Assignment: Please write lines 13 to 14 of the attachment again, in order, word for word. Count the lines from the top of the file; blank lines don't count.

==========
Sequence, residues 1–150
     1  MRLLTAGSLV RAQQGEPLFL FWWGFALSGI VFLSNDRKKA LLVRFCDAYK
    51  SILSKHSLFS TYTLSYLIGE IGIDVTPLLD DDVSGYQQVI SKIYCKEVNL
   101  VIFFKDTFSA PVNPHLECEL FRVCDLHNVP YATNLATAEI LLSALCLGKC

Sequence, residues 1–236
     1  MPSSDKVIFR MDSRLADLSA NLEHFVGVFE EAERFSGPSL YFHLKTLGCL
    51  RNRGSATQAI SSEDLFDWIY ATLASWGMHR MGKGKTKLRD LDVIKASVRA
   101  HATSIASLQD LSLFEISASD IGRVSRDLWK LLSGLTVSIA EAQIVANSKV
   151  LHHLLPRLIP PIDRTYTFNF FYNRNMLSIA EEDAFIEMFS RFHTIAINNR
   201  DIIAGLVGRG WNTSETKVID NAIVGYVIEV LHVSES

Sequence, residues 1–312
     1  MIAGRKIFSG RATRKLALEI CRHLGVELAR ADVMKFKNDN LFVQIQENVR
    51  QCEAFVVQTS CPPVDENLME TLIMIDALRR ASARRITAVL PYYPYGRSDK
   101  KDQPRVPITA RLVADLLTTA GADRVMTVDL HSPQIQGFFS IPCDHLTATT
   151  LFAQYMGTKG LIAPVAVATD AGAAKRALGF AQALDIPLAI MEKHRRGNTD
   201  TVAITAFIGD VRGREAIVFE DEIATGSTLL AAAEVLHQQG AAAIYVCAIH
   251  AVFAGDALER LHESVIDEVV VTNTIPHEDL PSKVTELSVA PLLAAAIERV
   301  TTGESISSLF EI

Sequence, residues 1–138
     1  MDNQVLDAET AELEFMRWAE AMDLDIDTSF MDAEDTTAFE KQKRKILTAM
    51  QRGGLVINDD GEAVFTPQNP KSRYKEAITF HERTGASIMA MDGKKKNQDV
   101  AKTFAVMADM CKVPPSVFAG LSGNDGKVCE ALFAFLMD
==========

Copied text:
    51  QCEAFVVQTS CPPVDENLME TLIMIDALRR ASARRITAVL PYYPYGRSDK
   101  KDQPRVPITA RLVADLLTTA GADRVMTVDL HSPQIQGFFS IPCDHLTATT